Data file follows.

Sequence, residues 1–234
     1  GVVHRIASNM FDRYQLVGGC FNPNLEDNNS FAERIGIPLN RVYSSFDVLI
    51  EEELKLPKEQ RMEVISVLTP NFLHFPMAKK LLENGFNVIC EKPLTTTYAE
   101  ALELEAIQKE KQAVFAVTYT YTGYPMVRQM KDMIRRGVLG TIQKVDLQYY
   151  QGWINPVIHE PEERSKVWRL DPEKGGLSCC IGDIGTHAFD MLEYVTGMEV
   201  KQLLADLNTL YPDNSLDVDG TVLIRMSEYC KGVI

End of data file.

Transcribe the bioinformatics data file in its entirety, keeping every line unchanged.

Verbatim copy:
Sequence, residues 1–234
     1  GVVHRIASNM FDRYQLVGGC FNPNLEDNNS FAERIGIPLN RVYSSFDVLI
    51  EEELKLPKEQ RMEVISVLTP NFLHFPMAKK LLENGFNVIC EKPLTTTYAE
   101  ALELEAIQKE KQAVFAVTYT YTGYPMVRQM KDMIRRGVLG TIQKVDLQYY
   151  QGWINPVIHE PEERSKVWRL DPEKGGLSCC IGDIGTHAFD MLEYVTGMEV
   201  KQLLADLNTL YPDNSLDVDG TVLIRMSEYC KGVI